What do you need to know before buying a monitor, and where can you find all that information in one convenient place? This guide walks you through all the core monitor-buying jargon that you need to know, as well as a few of current top recommendations on the market. Let’s dive in together.
Part 1: Understanding Key Monitor Specifications
When it comes to PC monitor specifications, it’s easy to get bogged down by marketing buzzwords and whatever hyper-specific specification the manufacturer decides to emphasize. Learning about it will show you how to break all of it down.
Resolution, Screen Size, and PPI
Resolution refers to the full, native resolution of a given display, which is measured by its pixels. An array of 1920 x 1080 pixels is considered “True HD” resolution, while 3840 x 2160 is considered “Ultra HD” resolution (AKA 4K).
Screen size in PC monitors is measured by the diagonal length of the screen, as with TVs and other displays.
But how do you choose the right resolution and right screen size for your needs?
First, it’s important to recognize that resolution and screen size are intertwined specifications. Working from the two, you get a measurement called PPI, or Pixels Per Inch, which serves as an effective measure of perceived fidelity.
For desktop monitors at an average viewing distance, a PPI of 80 or higher is needed for providing a clear image.
To get 80+ PPI at 1080p resolution, you’ll want to stay at or below a 27-inch screen size. A 24-inch 1080p monitor will offer a pixel density of roughly 91 PPI, which makes for a quite clear and sharp image.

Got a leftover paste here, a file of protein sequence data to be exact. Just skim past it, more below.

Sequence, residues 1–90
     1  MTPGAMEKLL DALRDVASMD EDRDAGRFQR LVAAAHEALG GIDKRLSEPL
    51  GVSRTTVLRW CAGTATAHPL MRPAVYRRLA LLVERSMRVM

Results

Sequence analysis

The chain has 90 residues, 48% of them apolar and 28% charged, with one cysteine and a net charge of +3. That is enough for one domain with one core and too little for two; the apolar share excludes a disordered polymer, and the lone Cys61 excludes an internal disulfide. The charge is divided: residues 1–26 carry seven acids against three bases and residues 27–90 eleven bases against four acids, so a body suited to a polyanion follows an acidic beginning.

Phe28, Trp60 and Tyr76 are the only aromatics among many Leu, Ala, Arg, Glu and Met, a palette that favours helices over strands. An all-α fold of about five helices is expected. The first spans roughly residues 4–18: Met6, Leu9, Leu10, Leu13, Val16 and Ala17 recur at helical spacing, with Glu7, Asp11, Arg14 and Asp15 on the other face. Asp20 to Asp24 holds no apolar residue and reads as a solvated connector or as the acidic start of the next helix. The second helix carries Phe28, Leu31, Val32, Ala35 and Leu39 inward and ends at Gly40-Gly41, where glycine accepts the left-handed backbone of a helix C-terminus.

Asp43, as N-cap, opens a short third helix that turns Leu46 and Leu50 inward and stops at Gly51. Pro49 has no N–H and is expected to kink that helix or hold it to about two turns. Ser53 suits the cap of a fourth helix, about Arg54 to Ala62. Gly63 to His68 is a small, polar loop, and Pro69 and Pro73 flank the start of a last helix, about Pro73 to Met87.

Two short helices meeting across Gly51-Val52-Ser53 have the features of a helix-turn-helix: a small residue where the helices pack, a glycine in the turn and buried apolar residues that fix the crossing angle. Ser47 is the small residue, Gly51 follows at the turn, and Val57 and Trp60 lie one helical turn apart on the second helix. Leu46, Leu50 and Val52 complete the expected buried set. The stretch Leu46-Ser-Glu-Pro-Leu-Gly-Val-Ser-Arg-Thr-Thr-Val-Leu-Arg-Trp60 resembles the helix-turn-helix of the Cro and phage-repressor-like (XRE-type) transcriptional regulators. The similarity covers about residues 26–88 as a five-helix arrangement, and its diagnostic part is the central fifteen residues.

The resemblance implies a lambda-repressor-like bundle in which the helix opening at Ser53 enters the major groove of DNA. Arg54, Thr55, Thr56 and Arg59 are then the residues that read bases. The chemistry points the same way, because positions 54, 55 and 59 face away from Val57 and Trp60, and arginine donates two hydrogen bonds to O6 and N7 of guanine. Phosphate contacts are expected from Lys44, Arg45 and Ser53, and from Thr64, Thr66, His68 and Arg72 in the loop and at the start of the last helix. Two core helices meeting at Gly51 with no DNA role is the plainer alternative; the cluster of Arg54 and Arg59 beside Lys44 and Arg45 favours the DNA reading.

When you move onto 1440p and 4K, PPI becomes so high that most monitor sizes are viable while maintaining clarity.
To get ~109 PPI at 1440p resolution, you only need a 27-inch monitor. This is a significant improvement in fidelity compared to a 1080p panel of similar size and will allow you to benefit from increased screen real estate, too.
Even once you break into 32 inches, which is entering TV territory, 1440p maintains the same crisp 91 PPI that a 24-inch 1080p monitor would.
The uber-high PPI of 4K at almost any screen size allows you to do anything you want with 4K monitors. However, I recommend targeting that 27-inch sweet spot with 4K as well or even moving up to 32-inch or Ultrawide if you’re determined to make the most of those extra pixels.
If you’re in the market for a gaming monitor, this is one of your most important specifications. There are still benefits to high refresh rates outside of gaming, but you’ll see the biggest benefits from a high refresh monitor when gaming.
To look further at refresh rate, it refers to the number of screen “refreshes” per second and is measured in Hertz. The baseline refresh rate for the majority of displays is 60 Hz, but high-refresh-rate displays can push as high as 360 Hz.
The higher the refresh rate, the smoother the perceived motion. This is especially valuable for gamers, who enjoy high refresh rate displays as both a luxury and competitive advantage.
If you don’t care about playing video games that much, just get a 60 Hz monitor and be done with it. But if you’re gaming or doing extremely latency-sensitive work, getting a high refresh monitor with a low pixel response time can have an immensely positive impact on your experience.
Use TestUFO.com to test the visual difference between refresh rates supported by your display. You can’t test refresh rates above your display’s capabilities, but you will see a clear difference between your native refresh rate and lower refresh rates.
Pixel Response Time
Pixel response time, also called response time, is one of the most widely misunderstood monitor specifications. It doesn’t help that manufacturers like choosing different ways to measure it, resulting in “1 ms” panels that are actually closer to 5 ms or more.
This is important because of clarity of motion. People think pixel response time is tied to input lag, but it’s actually more tied to refresh rate than anything else due to how it works.